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A recent news poll has shown that when you have to care for your sick spouse it is even more stressful than caring for your parent.
The Associated Press reported that the poll found that Americans 40 and over are confident that they can count on their families to take care of them as they get older. Which, given that the poll says that half of them have already cared for someone they cared about, gives good reason.
People, young or old, aren't making any plans to care for their loved ones in the long-term though. Actually, people are more likely to tell those close to them what they want their funeral plans to be like than what they want daily life to be like when they are older and need help.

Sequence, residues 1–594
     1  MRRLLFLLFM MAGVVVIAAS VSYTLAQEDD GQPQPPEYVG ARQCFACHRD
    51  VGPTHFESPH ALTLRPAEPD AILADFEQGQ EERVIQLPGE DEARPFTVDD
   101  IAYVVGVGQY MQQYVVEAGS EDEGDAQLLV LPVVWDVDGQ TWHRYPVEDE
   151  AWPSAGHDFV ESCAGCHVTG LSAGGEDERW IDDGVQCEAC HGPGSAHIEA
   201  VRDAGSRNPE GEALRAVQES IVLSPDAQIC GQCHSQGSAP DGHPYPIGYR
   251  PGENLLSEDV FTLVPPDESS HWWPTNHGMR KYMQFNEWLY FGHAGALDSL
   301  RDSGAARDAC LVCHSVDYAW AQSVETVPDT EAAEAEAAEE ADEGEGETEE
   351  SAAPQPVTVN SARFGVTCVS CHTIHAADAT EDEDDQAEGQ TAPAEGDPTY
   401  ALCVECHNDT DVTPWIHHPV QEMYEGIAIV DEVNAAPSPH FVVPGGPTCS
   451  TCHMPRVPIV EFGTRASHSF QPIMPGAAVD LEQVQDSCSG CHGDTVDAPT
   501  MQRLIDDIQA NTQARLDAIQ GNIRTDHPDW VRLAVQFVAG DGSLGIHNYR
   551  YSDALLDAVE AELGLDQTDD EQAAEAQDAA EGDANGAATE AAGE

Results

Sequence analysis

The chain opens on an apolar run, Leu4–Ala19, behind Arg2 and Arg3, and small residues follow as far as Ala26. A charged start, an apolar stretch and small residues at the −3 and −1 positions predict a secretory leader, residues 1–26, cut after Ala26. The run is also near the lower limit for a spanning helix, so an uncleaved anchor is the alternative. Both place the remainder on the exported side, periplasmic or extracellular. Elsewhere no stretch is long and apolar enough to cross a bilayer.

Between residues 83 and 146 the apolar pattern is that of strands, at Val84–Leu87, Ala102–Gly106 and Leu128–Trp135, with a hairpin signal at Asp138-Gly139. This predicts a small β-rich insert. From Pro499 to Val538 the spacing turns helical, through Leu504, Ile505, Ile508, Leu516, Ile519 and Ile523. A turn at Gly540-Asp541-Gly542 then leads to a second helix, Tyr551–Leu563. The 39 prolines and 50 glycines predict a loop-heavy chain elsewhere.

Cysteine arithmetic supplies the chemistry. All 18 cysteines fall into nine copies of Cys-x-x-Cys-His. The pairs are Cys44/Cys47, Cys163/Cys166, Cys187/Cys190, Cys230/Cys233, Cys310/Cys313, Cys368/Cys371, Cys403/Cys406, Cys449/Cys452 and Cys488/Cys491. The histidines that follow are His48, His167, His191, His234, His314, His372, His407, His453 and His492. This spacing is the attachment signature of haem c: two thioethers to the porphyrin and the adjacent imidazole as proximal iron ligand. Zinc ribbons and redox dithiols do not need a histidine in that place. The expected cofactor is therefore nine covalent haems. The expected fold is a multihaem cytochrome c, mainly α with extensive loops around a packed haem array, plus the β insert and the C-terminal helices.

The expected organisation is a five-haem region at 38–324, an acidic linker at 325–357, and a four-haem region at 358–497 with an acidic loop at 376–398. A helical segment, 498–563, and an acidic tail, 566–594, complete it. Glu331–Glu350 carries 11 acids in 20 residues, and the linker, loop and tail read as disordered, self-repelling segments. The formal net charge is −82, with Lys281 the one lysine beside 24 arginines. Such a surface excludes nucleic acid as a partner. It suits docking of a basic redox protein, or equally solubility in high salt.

Eight in 10 caregivers say that the experience is rewarding, but it is also extremely difficult.
"Your relationship changes. Life as you know it becomes different," said Raymond Collins, 62, who retired early to spend time with his wife, Karen who had been diagnosed with multiple sclerosis 15 years ago.
Collins, though he deeply loves his wife, has admitted to feeling stressed, frustrated and even angry at times.
According to Science World Report, taking care of a spouse can be much more difficult. Sixty percent of those who took care of a spouse noted added stress compared to 55 percent of those who cared for other relatives.
Though Collins has definitely noticed a personal strain he said that the experience of caring for his wife has strengthened their commitment for one another.